It is a shame that inequality has become sharper during our constitutional democracy than during apartheid.
President Robert Mugabe. (Themba Hadebe, AP)
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Here's something about the continent of Africa I've been wrestling with for some time: a political leader can have tens of thousands of his citizens murdered and destroy his country's economy, but he will still be hailed as a great leader and liberator if he stands up to "Western imperialism" and puts white people in their place.
Is the logical conclusion of such an attitude not that the lives of black Africans are regarded as of less value than those of paler descent?
It is this phenomenon that explains why many African politicians who come under pressure, including here at home, choose to blame threats of "regime change" and build up the West and white people as a common enemy around which they can mobilise.
It also explains why the mantra of #WhiteMonopolyCapital was relatively successful in neutralising the narrative of state capture; why the EFF's style of crude race-based politics gains at least some traction.
But rather than dismissing this as an irrational reaction by myopic people, we (we whites, mostly) should look deeper into history and consider that the worst damage that colonialism and white oppression had inflicted was spiritual and psychological.
The deepest wound caused by many generations of grave injustice, disruption and humiliation is people's image of themselves and the undermining of their sense of dignity as human beings.
Robert Mugabe is the latest example of an African leader who had oppressed his own people, but was still honoured as a great African liberator.
During the mid-1980s Mugabe's forces wiped out some 20 000 people in Matabelelend. Twenty thousand people, if not more, almost every one of them a civilian. It's tantamount to ethnic cleansing.
In 2005 he launched Operation Murambatsvina to take revenge on the urban dwellers who had turned against Zanu-PF. It left nearly a million people homeless.
Mugabe, his family and his inner circle stole billions, defied election results, curtailed free speech and had opponents arrested, tortured or disappeared.
And yet, the army of Zimbabwe only acted against him – acted with great respect and observing all protocols, that is – after his wife started meddling in the affairs of Zanu-PF.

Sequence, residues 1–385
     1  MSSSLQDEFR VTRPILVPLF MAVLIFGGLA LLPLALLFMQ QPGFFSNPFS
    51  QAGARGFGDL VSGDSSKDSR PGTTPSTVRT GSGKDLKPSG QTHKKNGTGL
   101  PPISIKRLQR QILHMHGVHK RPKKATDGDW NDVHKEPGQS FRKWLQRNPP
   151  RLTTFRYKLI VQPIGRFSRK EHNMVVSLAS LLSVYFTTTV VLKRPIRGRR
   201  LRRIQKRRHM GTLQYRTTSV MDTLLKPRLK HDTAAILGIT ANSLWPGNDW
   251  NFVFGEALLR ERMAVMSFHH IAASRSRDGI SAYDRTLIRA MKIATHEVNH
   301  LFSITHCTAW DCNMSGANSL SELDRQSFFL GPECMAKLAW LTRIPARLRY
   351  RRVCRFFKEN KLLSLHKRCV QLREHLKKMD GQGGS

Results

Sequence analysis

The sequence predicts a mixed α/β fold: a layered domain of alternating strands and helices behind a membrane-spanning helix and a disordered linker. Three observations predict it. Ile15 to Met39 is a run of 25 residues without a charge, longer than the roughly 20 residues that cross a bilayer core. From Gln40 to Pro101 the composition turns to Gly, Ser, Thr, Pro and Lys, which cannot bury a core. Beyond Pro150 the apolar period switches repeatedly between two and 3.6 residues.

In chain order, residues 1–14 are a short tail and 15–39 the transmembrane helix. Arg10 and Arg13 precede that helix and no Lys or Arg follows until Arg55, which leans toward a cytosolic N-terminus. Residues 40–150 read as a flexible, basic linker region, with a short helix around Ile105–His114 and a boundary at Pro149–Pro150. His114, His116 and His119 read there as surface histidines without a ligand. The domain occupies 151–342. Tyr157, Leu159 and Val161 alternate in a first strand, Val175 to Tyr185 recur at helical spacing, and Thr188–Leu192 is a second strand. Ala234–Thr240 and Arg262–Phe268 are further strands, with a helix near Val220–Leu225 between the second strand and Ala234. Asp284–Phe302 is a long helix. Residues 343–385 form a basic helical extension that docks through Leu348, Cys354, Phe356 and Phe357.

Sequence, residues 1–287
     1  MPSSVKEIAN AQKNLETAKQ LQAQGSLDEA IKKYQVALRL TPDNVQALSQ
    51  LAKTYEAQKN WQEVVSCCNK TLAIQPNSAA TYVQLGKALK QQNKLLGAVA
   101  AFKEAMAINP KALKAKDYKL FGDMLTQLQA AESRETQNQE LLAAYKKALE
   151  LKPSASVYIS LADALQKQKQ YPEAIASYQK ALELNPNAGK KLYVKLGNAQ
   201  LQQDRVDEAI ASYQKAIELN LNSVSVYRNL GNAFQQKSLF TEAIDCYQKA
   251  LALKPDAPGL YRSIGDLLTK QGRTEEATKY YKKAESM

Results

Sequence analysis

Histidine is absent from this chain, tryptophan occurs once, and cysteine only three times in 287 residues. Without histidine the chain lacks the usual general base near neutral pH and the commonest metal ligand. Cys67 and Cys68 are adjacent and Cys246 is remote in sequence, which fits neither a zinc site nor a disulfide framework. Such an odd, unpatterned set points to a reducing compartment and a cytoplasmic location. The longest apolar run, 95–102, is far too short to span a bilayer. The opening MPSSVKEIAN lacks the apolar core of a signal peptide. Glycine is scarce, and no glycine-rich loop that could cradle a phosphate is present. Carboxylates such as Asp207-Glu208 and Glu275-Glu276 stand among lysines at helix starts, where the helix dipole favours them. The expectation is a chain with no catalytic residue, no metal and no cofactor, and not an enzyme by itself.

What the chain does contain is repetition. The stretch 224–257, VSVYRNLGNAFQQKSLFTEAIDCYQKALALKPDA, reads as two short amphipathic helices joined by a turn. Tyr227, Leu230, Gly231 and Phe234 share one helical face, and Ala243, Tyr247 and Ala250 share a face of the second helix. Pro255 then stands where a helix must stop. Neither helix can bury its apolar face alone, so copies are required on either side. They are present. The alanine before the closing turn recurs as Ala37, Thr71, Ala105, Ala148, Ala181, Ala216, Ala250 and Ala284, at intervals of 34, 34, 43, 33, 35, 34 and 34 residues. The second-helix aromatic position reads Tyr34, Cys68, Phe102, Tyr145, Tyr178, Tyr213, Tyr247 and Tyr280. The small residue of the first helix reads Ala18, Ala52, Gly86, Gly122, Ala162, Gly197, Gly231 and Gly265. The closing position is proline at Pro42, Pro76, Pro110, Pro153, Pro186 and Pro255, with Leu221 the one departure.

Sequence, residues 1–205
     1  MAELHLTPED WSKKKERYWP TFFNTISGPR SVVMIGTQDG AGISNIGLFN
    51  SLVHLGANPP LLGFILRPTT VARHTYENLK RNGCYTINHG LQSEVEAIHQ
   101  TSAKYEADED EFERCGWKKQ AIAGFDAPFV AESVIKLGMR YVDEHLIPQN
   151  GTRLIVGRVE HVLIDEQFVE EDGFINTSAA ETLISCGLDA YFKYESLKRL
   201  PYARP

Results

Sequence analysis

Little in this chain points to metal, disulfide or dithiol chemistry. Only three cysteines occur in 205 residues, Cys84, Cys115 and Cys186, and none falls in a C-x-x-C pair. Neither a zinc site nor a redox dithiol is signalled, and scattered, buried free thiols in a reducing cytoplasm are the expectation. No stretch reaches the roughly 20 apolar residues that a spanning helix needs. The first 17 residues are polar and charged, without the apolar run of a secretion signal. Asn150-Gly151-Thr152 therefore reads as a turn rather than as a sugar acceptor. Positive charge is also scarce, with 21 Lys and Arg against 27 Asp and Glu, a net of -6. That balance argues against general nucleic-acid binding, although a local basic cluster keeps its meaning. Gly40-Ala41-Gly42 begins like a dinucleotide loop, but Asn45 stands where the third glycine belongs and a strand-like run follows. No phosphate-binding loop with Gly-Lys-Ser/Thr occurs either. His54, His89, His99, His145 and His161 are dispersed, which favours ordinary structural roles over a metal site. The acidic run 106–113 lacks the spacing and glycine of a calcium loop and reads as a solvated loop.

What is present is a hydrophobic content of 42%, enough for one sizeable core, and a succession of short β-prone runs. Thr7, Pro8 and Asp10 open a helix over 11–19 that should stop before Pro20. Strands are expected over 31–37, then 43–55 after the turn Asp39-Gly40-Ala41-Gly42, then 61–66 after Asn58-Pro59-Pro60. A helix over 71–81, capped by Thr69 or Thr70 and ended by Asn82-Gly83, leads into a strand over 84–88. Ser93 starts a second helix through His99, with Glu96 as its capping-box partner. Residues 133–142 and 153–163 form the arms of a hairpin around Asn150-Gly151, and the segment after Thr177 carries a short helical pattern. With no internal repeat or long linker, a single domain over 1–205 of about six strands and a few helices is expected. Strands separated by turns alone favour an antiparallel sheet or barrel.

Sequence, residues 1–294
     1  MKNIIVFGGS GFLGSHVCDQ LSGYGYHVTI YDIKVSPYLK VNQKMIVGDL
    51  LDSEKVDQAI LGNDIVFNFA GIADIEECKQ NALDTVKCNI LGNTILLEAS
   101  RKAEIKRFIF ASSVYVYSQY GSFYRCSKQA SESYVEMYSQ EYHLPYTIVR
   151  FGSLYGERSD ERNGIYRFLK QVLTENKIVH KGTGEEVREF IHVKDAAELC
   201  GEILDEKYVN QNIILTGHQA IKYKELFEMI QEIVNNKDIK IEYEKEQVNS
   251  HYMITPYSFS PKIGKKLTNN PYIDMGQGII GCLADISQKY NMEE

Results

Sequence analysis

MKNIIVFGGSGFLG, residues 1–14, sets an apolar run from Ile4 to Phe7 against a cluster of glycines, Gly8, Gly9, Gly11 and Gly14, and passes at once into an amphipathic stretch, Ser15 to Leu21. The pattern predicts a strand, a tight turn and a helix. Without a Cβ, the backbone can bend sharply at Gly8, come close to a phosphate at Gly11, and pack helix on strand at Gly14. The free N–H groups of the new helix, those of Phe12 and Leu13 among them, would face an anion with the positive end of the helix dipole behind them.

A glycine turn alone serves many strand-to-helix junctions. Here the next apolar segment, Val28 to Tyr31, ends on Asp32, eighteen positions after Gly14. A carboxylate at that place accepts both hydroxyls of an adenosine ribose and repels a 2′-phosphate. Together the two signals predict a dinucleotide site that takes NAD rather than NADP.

He was indemnified from prosecution and told he could keep all his ill-gotten wealth. As they were firing him, the leadership of Zanu-PF and the military still called him a great leader and an icon.
Even as tens of thousands of exuberant Zimbabweans were dancing of joy at his ousting, the ANC and the EFF in South Africa paid homage to Mugabe as a great leader.
Mugabe's terrible record as president is discounted because of two achievements: the good education that young Zimbabweans enjoyed after 1980, and the allocation of land to black Zimbabweans after white commercial farmers were chased off.
The land issue dominates South Africans' hero worship of Mugabe, or it has at least until very recently.
The fact that the violent and uncontrolled way in which land redistribution happened had mortally wounded the Zimbabwean economy, and that Mugabe and his wife took twenty of the best farms for themselves, and many Zanu-PF leaders, military generals and judges did the same, made no impression on this hero worshipping.
Hallelujah, the white settlers were taught a lesson and black Africans have their land back.
Even former president Thabo Mbeki – but Jacob Zuma and Julius Malema more enthusiastically so – praised Mugabe for this without qualifying that while the land was justly returned, it happened in a manner that led to bloodshed, instability and a quarter of the population having to flee the country.
One has to point out that this kind of blind praise and support of one's own is not unique to Africa.
In Serbia, for example, war criminals like Slobodan Milosevic and Ratco Mladic are still widely regarded as heroes and victims of Western imperialism.
In South Africa there are many Afrikaners who still seem to think that apartheid leaders like HF Verwoerd, John Vorster and PW Botha are unjustly demonised.
So what does this forgiving attitude towards dictators and praise of monsters tell us, especially us South Africans?
Perhaps it tells us that the continuing inequality along racial lines is South Africa's biggest threat.
Perhaps we should ask the question how black people can feel empowered and content if the wealth gap is still so outrageously high, when so many black people still make a living by serving white people.
It is experienced as an existential undermining of blackness and indigenousness, to a point where some may turn towards thoughts of vengefulness and ask: why have white South Africans paid no price for the evil of the past? Is it not time that they do?
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